FILM REVIEW – NOW YOU SEE ME 2. With Jesse Eisenberg, Mark Ruffalo, Woody Harrelson, Dave Franco, Lizzy Caplan. Written by Ed Solomon. Directed by Jon M. Chu. Rated PG-13 for violence and some language. 129 minutes.
Success at stage magic can require many things: manual dexterity, stage presence, the right equipment. However, one of the most important things is seemingly simple. It’s the ability to misdirect the attention of the audience so that they’re looking in the wrong place. To pull it off in the movies seems a cheat because whether it’s through editing or computer wizardry, it’s all too easy to make illusions seem real.
NOW YOU SEE ME 2, a sequel to the 2013 movie, reunites nearly all of the original cast (Isla Fisher, who reportedly had to drop out because she was pregnant, is replaced by Lizzy Caplan). The Four Horsemen are magicians who have staged elaborate Robin Hood-style robberies as part of their act. Now Daniel (Jesse Eisenberg), Merritt (Woody Harrelson), Jack (Dave Franco) and newcomer Lula (Lizzy Caplan) find themselves kidnapped by Walter Mabry (Daniel Radcliffe), who wants them to steal a new bit of high tech that will allow him access to every electronic device in the world.
The plot brings them to Macao, where various story strands interesect. They intend to pull off the heist without turning the goods over to Mabry. Meanwhile, Dylan (Mark Ruffalo), an FBI agent supposedly looking for them but really working with them, is in pursuit. Also back are Thaddeus Bradley (Morgan Freeman), a debunker of magic who ended the last film in a jail cell, and Arthur Tressler (Michael Caine), a crooked billionaire who ended up on the wrong end of one their stunts. While the plot is complicated, the storytelling is not. We may get misdirected from time to time, but we’re never at a loss as to what’s going on.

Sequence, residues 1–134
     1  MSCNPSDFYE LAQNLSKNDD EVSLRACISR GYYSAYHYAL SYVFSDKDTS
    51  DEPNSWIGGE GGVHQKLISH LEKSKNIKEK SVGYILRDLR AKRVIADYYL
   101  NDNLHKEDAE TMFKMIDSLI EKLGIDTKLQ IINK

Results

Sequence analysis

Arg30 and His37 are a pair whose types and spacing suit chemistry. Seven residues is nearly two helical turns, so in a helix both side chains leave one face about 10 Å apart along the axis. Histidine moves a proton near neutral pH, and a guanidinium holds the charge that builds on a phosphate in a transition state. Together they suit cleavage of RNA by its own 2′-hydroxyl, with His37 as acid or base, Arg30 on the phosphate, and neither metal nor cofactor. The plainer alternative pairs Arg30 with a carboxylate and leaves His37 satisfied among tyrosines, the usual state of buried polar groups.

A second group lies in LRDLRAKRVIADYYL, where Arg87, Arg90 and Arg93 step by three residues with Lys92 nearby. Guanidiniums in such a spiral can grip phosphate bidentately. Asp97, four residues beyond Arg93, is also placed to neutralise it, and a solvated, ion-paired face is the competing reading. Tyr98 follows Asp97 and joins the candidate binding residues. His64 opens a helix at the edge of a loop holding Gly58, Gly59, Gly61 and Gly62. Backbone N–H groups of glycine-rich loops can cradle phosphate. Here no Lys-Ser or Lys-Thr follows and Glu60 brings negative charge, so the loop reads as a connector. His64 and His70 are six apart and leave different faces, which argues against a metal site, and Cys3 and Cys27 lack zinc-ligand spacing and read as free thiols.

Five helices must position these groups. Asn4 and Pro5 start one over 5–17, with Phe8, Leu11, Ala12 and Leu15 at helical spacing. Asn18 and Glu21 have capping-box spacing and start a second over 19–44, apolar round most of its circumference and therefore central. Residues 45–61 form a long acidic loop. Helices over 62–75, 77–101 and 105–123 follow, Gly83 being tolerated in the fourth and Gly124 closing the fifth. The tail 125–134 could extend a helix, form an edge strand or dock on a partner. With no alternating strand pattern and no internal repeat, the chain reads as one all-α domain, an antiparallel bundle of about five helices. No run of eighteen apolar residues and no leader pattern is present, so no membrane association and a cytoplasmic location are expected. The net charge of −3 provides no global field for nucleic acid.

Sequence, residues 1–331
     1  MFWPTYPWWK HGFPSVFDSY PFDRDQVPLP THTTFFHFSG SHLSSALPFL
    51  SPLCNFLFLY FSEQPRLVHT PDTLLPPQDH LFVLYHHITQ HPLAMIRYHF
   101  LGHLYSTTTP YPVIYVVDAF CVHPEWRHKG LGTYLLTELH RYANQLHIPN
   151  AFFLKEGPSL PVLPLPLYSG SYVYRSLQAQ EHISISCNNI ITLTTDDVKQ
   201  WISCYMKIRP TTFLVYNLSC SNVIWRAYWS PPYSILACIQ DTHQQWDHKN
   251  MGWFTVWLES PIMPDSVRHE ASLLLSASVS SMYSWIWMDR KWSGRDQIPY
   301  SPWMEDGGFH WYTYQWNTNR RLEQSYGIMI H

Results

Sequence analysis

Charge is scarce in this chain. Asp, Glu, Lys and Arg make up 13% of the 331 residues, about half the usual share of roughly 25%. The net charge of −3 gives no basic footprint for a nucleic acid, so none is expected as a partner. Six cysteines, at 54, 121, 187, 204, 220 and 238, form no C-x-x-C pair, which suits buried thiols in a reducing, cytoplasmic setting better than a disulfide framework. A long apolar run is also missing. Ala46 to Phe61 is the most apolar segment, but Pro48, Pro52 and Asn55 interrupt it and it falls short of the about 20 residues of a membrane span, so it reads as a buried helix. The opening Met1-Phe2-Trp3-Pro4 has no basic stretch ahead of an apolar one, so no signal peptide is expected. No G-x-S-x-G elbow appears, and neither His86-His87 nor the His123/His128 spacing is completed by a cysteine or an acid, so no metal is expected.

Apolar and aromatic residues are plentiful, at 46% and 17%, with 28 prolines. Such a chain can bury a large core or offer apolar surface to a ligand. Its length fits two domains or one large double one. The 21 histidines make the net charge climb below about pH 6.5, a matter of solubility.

Like “The Avengers,” indeed, like any 1970s workplace sitcom, the movie is about a bunch of comical misfits who have to work together without driving each other crazy. For all the needling and one-upsmanship, they really do like each other and the film lets us see that. The heist scene turns into an extended card trick. Watching the choreography of the four of them is one of the film’s highlights.
As with real stage magic, some of the film tricks work better than others, but when they are revealed many of the real illusions turn out to be quite impressive. Some of the others are just contrived (as in how they get to Macao in the first place) but the film handles it with just the sort of cheekiness such things deserve. It doesn’t really matter, the filmmakers seem to be saying, we’re just setting the story in motion.
Curmudgeonly critic John Simon once argued that movies should either be great art or “damn good entertainment.” No one will confuse “Now You See Me 2” for an art film. It is, however, damn good entertainment.•••
Daniel M. Kimmel is a veteran movie critic and author of a host of film-related books. His most recent book is “Shh! It’s a Secret: a novel about Aliens, Hollywood and the Bartender’s Guide.” He lives in Somerville, Massachusetts.